And how can you argue with dreaming if you're a victim of dejavu? Perhaps there is a great evil that I'm fighting off in my dreams every morning. The only dreams I dejavu are the ones where everything ended up all right. How can we know? My alarm clock is the real villan, attempting to pull me up to consciousness before reality is saved in Dreamworld.

And that is why I was late to work this week.

A Memoir

- I like reading memoirs written by authors
- You do realize the idiocy of that statement, don't you?
- You know what I mean.  A memoir by someone that's a writer by trade.
- No, you said author.  Not writer.  By definition anyone that's written a memoir is then an author.  That's any memoir ever written.  Why not just say that you like memoirs?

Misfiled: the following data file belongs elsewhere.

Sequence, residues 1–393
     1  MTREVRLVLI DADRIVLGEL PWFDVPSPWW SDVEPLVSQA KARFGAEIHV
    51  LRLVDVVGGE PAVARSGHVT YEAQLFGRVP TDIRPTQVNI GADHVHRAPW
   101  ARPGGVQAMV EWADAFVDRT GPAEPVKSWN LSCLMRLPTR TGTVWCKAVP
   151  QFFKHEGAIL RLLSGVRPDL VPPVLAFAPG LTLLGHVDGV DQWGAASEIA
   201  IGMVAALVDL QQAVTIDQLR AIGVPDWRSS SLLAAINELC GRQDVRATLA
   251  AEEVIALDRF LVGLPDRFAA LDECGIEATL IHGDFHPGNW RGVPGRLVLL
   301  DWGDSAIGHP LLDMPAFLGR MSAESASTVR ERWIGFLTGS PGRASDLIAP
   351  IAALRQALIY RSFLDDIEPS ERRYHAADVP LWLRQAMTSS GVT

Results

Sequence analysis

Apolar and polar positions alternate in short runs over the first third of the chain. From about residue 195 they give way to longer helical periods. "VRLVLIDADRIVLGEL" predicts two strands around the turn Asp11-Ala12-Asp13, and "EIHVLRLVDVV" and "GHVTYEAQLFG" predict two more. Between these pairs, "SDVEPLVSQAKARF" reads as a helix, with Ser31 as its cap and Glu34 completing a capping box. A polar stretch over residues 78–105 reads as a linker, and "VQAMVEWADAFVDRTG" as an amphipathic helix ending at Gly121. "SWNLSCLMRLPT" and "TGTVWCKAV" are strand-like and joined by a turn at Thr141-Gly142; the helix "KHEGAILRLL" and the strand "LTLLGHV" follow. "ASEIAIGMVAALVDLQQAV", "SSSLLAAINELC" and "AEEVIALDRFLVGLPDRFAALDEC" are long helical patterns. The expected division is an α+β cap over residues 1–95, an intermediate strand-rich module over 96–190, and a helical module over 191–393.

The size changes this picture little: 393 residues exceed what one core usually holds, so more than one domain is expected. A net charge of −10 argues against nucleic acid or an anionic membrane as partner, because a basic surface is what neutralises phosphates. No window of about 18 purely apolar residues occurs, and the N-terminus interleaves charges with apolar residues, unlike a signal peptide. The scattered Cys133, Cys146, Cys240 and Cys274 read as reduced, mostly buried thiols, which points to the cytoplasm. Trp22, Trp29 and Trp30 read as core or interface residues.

- But I don't like every memoir - stop being so tautological!
- Stop making tautological assertions if you want me to stop pointing out the tautology of them!


Silence.  The sound of an ego losing it's grandstand, of an argument being won, a shift in the understanding that exists between two people, however minor.

Jun 4, 2012

New City

I arrived in New York City (wow thatlooksgoodonpaper) yesterday.  Moved into my apartment with nary a hitch, strangely enough.  I keep expecting the sidewalk to explode, or the subway trains to crash, or my bags to disappear down a sinkhole, or a glacier the size of Manhattan to descend upon, well, Manhattan.